Your students had a big win at the 2023 World Food Championships. What was that like?

The program was designed around the World Food Championships calendar. The program was launched with an agreement from the World Food Championships to create additional junior talent for the WFC Jr. division. So our students in the inaugural year knew that a golden ticket to the World Food Championships was on the table. This added measurable excitement and momentum to the program. But we never would have guessed that one of our teams would win the world championships. This was a fairy tale ending to the program’s “proof of concept” year.

The Culinary Crossroads Supper Club starts up again soon; tell us how that came about with Kelly’s Fund and efforts to support the local food community.

The new supper club launches this April with five six-course events, starting with Chef Samir Mohammed and Chef Youseff Boudarine on April 21. These supper clubs came to be as a response to the pandemic. They were initially dinners called, “Bring Back the Chefs.” These dinners supported chefs through the pandemic, but as the pandemic came to a close, we lost Kelly Wensing – who was instrumental in the ongoing effort. Much to our surprise, thousands of dollars in donations came in from a Meal Train designed after her passing, and the Kelly Wensing Community Fund was born out of those donations. Kelly was so passionate about community and the service industry, so we decided to continue her legacy in the form of the Culinary Crossroads Supper Club at Paramount Schools. These supper clubs were initially run by Paramount Schools and are now run by the Kelly Wensing Community Fund.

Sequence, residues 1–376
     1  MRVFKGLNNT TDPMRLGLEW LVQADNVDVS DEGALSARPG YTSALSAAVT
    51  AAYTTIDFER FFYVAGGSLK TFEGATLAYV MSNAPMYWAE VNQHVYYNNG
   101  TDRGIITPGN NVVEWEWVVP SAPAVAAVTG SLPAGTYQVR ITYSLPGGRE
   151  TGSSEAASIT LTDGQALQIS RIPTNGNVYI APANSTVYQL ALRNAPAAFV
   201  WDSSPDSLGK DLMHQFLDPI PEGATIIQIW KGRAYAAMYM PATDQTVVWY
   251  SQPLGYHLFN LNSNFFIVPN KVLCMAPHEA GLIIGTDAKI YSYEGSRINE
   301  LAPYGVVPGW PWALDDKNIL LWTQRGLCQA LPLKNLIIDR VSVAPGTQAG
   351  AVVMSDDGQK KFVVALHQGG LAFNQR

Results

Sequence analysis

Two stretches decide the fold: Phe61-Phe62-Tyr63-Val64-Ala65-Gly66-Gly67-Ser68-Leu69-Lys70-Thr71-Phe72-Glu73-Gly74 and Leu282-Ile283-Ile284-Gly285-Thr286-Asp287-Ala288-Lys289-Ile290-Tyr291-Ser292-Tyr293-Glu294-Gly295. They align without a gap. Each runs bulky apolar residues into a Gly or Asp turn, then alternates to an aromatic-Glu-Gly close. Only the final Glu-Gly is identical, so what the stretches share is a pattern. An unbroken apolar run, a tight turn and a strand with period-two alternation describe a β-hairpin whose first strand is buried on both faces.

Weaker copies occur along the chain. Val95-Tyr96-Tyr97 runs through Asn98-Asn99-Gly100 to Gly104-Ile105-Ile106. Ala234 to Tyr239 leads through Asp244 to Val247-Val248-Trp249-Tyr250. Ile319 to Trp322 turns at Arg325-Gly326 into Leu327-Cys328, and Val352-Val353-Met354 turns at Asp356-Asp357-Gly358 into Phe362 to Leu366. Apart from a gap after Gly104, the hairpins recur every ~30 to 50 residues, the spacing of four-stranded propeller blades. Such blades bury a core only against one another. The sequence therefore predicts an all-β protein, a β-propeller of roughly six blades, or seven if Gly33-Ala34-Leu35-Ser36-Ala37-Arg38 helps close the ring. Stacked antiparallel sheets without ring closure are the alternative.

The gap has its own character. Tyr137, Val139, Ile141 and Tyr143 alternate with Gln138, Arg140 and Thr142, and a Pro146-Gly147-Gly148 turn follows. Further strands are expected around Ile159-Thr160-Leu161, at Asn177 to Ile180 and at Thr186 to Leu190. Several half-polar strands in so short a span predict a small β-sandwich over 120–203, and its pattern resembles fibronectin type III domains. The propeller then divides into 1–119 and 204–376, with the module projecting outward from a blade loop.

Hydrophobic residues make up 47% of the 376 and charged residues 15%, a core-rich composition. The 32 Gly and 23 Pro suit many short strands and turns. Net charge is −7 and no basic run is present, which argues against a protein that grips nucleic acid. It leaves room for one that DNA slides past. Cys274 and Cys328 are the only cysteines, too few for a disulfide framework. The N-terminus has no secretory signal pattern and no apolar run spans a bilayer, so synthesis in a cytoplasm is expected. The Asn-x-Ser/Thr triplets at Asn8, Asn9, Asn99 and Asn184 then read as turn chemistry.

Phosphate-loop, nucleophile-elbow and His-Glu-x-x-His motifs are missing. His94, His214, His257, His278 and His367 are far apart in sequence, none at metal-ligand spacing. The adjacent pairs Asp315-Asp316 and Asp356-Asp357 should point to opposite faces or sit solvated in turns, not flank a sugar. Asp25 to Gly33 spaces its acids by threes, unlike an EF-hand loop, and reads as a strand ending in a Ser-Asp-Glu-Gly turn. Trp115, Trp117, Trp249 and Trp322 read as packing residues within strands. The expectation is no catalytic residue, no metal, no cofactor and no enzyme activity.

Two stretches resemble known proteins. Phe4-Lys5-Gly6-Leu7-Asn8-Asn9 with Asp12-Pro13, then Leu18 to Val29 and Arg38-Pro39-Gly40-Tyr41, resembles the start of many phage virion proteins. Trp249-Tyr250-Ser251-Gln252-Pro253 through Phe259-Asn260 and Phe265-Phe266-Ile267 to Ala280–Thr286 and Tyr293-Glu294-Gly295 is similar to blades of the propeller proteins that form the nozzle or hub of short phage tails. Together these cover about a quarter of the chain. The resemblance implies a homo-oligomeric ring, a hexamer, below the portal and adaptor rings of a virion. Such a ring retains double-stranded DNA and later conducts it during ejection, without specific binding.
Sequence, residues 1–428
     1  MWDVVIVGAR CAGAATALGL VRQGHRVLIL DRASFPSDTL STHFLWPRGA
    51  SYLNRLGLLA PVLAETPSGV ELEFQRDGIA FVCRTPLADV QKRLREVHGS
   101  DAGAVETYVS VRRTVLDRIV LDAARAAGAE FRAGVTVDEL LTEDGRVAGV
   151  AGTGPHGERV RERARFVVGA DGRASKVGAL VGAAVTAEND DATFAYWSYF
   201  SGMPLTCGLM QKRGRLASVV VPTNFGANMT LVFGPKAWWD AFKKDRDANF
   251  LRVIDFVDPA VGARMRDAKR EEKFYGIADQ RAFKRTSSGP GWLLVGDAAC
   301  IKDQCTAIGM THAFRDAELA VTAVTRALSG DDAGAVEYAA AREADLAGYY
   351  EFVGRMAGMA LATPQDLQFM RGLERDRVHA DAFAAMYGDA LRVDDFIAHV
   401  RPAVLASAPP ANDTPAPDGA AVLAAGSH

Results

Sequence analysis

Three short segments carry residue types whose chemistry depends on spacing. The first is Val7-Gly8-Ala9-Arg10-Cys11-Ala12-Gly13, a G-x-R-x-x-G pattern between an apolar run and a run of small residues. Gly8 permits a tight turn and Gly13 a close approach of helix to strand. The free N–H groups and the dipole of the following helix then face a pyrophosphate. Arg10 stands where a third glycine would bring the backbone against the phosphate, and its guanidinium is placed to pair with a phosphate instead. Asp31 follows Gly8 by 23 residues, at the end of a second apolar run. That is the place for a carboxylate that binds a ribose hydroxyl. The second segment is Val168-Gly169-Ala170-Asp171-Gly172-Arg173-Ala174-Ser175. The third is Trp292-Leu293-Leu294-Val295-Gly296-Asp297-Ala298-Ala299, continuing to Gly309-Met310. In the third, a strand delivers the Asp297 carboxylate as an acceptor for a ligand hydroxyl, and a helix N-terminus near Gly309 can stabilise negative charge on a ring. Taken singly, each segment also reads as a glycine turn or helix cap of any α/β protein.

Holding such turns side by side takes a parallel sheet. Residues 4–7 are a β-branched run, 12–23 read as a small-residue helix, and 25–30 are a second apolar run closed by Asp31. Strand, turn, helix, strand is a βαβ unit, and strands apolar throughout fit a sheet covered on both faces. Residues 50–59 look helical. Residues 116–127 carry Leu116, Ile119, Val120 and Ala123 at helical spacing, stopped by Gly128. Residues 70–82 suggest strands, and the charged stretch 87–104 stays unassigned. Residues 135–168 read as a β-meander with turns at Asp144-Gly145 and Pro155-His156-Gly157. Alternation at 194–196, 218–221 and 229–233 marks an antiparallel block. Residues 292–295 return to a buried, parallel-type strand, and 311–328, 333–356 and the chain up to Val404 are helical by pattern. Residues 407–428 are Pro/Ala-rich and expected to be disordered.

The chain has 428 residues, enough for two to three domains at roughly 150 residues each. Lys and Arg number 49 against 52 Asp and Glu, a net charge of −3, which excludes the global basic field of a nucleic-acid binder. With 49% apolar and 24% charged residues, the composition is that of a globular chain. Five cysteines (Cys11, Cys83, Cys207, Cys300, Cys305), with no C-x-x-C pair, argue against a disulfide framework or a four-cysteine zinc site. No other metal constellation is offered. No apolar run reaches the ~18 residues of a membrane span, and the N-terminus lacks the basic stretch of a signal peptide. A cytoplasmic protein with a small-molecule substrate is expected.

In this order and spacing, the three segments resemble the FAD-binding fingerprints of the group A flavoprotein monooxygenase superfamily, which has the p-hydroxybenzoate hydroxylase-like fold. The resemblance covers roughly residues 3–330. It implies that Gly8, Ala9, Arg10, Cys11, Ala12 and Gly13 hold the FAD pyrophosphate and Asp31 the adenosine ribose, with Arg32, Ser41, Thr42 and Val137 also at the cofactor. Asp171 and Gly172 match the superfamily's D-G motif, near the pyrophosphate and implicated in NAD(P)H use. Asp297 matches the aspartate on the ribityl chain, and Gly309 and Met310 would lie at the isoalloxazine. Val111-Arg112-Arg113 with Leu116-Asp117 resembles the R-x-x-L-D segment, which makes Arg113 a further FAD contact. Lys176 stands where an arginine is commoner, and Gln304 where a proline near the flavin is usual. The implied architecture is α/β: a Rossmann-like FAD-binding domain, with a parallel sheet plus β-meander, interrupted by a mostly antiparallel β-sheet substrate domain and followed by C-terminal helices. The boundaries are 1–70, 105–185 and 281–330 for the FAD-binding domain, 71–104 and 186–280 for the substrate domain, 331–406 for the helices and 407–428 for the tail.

What are some of your personal favorite restaurants around Indy or around the state? Any hidden gems people should try?

I’m always quick to answer Oakleys Bistro as one of my favorite restaurants in Indianapolis. Then it’s Beholder and Bluebeard. Outside of town, I’m a sucker for wagyu, so I love to visit Joseph Decuis in Roanoke, Ind. I also can’t say enough about the work Chef Eamonn McParland is doing at Roseliliy in South Bend. Still, my favorite way to eat out is a tasting menu – and these experiences are often found during pop-ups like Chef’s Night Out. Anytime I can find a pop-up dining experience, I’m excited.

Do you cook much yourself? What are some items that are always in your fridge?

I cook enough to be dangerous in the kitchen. I am definitely a surf and turf guy in the kitchen and know my way around cuts of meat. I also enjoy making cheese and have turned my hobby of cheesemaking into a school-based program with Paramount. Our schools have multiple herds of goats with legitimate cheesemaking onsite. So with that ongoing legacy, you’ll always find my fridge full of cheese. I’m pursuing my sommelier certification, so there are always some good charcuterie options and a nearby bottle for pairing!